Semin Reprod Med 1999; 17(1): 23-27
DOI: 10.1055/s-2007-1016208
Copyright © 1999 by Thieme Medical Publishers, Inc.

Prolactin and Its Receptor in Human Endometrium

Linda Tseng, James Mazella
  • Department of Obstetrics, Gynecology and Reproductive Medicine, State University of New York at Stony Brook, Stony Brook, New York
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Publication History

Publication Date:
15 March 2008 (online)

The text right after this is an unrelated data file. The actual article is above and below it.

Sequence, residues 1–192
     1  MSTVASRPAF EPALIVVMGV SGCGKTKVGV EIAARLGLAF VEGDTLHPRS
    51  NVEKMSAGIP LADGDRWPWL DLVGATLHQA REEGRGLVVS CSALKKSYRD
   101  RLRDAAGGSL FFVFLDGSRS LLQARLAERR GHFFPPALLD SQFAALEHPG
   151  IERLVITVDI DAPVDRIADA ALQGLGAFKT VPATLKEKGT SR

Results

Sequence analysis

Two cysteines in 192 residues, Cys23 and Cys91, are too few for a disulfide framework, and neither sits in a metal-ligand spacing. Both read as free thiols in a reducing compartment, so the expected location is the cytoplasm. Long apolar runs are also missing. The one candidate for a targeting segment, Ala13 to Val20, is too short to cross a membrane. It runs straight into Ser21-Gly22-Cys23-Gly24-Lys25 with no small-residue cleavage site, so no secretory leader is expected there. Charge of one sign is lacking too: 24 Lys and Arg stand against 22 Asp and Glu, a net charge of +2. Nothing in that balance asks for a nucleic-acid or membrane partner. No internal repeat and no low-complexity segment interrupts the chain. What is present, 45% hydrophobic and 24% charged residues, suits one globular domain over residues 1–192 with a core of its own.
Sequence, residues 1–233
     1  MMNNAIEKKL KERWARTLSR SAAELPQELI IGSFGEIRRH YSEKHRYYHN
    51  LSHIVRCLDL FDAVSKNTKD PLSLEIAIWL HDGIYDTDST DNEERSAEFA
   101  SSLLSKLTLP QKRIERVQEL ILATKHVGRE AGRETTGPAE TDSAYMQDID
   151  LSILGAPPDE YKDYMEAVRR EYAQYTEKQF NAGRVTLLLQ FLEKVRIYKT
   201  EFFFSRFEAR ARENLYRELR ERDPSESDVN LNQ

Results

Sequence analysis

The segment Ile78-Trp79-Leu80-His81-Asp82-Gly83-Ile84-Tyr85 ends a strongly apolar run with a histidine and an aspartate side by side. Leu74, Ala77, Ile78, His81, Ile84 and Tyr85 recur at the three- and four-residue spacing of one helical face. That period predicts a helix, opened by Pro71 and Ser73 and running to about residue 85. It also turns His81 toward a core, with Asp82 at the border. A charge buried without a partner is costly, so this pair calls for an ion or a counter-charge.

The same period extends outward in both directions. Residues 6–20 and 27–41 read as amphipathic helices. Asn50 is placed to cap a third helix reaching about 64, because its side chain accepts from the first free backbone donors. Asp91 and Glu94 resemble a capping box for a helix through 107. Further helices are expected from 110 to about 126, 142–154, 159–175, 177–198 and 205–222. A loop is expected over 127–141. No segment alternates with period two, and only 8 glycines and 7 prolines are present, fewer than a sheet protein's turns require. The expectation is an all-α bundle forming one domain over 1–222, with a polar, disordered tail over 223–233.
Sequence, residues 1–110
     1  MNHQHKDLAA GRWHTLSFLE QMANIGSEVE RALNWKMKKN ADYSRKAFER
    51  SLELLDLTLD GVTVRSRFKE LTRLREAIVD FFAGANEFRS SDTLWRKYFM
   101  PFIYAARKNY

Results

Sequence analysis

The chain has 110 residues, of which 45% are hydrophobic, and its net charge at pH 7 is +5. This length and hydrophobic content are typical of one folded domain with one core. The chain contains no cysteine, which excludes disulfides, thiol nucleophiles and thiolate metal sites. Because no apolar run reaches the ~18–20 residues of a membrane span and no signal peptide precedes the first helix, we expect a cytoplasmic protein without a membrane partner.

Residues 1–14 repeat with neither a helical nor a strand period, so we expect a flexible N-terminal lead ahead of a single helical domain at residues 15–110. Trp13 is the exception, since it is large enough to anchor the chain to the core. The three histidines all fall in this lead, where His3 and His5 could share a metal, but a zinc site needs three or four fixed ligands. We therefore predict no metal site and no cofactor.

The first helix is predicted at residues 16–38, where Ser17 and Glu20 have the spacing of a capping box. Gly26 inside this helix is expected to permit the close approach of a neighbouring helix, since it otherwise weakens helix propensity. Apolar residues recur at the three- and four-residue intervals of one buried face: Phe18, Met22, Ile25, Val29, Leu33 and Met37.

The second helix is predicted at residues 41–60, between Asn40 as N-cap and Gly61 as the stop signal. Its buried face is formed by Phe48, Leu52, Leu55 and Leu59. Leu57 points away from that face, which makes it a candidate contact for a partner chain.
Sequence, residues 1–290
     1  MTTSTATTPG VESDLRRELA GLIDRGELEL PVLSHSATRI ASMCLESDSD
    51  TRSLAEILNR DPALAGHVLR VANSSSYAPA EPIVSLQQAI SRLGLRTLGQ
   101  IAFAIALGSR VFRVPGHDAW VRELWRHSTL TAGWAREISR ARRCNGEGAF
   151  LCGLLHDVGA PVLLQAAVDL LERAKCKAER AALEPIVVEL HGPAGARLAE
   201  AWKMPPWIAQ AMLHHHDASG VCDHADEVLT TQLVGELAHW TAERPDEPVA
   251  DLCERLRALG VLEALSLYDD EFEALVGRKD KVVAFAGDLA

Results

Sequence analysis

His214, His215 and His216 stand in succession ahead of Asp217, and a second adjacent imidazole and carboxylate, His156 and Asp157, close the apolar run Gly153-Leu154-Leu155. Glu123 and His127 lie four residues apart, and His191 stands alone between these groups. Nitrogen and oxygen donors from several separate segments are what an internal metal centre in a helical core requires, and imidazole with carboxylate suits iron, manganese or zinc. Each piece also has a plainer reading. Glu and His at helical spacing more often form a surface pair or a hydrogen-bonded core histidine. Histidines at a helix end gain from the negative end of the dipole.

Synthesis of prolactin (PRL) in human endometrium extends from the late luteal phase of the menstrual cycle throughout the pregnancy. We have studied the hormonal requirements for the sustained production of PRL and its receptor (PRL-R) in a long-term primary cell culture system. Progestin stimulates the production PRL and its receptor when stromal cells transform into decidual cells. The rise in PRL production rate correlates with an increase in steady-state PRL mRNA levels which are caused by increased transcription rate gene. Replacing progestin by the antiprogestin, RU 486, causes a transient superinduction of PRL production followed by reduction to basal level of expression. On the other hand, RU 486 exerts immediate inhibition of PRL-receptor mRNA expression. In addition, relaxin (RLX) enhances PRL synthesis. The transcription of the PRL gene in endometrium is dependent upon the promotor 6-kb upstream of the transcription start site in the pituitary. That biological functions of PRL and its receptor are critical to implantation and the maintenance of pregnancy is suggested by the impaired fertility of PRL and PRL-R knockout mice. PRL enhances endometrial cell growth at low concentrations and inhibits it at high concentrations. This dual action indicates an autocrine action of PRL-R-mediated signaling transduction pathways during reproductive cycles and pregnancy. During gestation, decidual-derived prolactin regulates the volume of amniotic and fetal extracellular fluid and electrolytes.